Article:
Sunday May 27, 2012 : NEW JERSEY'S CHALLENGE TO P.A.S.P.A. STUDIED (Update)
It is likely that the federal government, the NFL or both will oppose changes to a restrictive federal law
Tim Dahlberg, a top sports columnist for the Associated Press news agency, wrote an insightful opinion piece over the weekend on forthcoming challenges to the federal Professional Amateur Sports Protection Act, which restricts sports betting to just four US states.
Dahl notes that the New Jersey challenge recently voiced by Gov. Chris Christie could see the wider availability of sports wagering, although this may not be achieved until 2014…and it will only be after opposition from the federal government, the NFL or both.
"The federal government will almost certainly take Christie up on that challenge. So, too, likely will the NFL, which views betting on games with the same kind of antiquated logic it used to trot out every time the issue of concussions came up," Dahl observes.
"But times have changed, as was evident last season when Las Vegas casino owner Steve Wynn was Patriots' owner Robert Kraft's personal guest at a game, where the two went over plans to build a lavish casino next to the stadium where New England plays.
“The league has also branched off into other forms of gambling, including partnerships with state lotteries that make team owners millions of dollars from people who can afford it the least.
"Feel free to throw your money away on Patriots scratch cards that are almost always sure losers. Play the slots in casinos built on team-owned land. But don't even think about trying to add some enjoyment to a game by betting on your team to win."
Dahl comments that such attitudes are the ultimate in hypocrisy, though hardly surprising.
"The NFL – which had at least one bookmaker among its founding owners – has taken a harsh stand against sports betting for a good half century now, even while the reasons to justify its opposition have largely vanished.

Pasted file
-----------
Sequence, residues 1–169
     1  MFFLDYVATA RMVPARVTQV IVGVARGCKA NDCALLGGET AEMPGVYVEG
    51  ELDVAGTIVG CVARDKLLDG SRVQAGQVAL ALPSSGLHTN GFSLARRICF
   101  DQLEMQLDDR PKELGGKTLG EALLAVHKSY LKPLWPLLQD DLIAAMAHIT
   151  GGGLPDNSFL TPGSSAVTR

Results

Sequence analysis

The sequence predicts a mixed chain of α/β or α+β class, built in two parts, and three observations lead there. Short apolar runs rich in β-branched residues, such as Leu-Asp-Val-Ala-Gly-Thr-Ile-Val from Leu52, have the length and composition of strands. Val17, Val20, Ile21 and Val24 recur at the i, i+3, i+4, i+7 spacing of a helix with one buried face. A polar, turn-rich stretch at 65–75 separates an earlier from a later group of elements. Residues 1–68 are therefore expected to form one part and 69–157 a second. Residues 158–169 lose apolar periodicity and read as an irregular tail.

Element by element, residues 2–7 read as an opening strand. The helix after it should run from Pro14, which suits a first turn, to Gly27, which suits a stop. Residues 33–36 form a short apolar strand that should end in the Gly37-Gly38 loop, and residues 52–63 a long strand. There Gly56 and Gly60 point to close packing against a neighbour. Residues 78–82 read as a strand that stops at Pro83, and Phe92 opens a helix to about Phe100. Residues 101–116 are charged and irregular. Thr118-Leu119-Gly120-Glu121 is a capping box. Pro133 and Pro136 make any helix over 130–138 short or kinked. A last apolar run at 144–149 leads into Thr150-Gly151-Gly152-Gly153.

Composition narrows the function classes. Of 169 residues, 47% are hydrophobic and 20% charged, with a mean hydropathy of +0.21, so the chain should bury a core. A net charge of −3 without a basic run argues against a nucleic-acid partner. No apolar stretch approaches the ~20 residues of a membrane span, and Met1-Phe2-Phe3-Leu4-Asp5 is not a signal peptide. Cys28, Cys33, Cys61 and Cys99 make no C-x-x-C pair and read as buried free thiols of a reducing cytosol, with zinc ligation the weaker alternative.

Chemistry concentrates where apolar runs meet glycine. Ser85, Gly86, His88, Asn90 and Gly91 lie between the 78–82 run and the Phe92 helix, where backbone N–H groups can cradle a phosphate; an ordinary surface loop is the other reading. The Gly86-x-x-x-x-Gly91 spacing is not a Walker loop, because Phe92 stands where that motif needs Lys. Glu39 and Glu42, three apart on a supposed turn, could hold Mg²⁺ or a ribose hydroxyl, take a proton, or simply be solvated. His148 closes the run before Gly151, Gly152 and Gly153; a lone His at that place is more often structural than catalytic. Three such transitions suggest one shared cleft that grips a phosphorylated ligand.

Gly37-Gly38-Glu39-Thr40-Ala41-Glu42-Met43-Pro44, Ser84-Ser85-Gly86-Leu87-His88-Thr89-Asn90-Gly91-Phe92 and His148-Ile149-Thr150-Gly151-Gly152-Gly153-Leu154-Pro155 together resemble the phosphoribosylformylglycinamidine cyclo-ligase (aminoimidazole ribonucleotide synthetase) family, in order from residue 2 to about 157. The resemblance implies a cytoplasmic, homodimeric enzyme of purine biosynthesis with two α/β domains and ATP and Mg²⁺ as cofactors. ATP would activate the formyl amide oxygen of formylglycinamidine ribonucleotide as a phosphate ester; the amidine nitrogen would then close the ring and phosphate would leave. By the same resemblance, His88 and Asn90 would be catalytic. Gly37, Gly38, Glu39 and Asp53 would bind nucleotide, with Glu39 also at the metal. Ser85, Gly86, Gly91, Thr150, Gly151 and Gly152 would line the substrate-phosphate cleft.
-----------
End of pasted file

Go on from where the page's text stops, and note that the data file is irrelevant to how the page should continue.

"The main fear was always that unsavory types would hang around players, and that the fix might be in. But any gambler will tell you it's almost impossible to try and fix any game when bets are made through legal sports books who constantly monitor any swing in the action," he notes.
Joe Asher, CEO of Brandywine Bookmakers, a William Hill plc subsidiary, told Dahl: "Right now over 99 percent of sports betting is unregulated and untaxed. It's a market dominated by criminals. There's no way you're going to stop an illegal sports betting market from thriving other than to legalize it."
Dahl notes that already all but two US states have some form of gambling, so it's no longer a social issue, and Asher agrees, saying:
"It's part of the American culture, it's why we watch sports. Creating a legal market for sports betting so that it is regulated; so that it is taxed; and so that legitimate businesses are involved is, of course, a good thing. The sooner that happens, the better for everyone involved."
However, Dahl opines that having sports betting legalised in New Jersey by the fall of 2012, as Gov. Christie has predicted, is unlikely, although the New Jersey challenge will move things along and represents strong opposition to both federal and NFL positions.
"That's a good thing, because there should be nothing criminal about making a bet," Dahl concludes. "Wall Street traders do the same thing every day, only they're betting on companies instead of teams.
"Take the business out of back rooms and street corners. Legitimize it like in England. Opposition will be fierce, and there's still a long way to go. But I'm laying 7-5 it just might happen."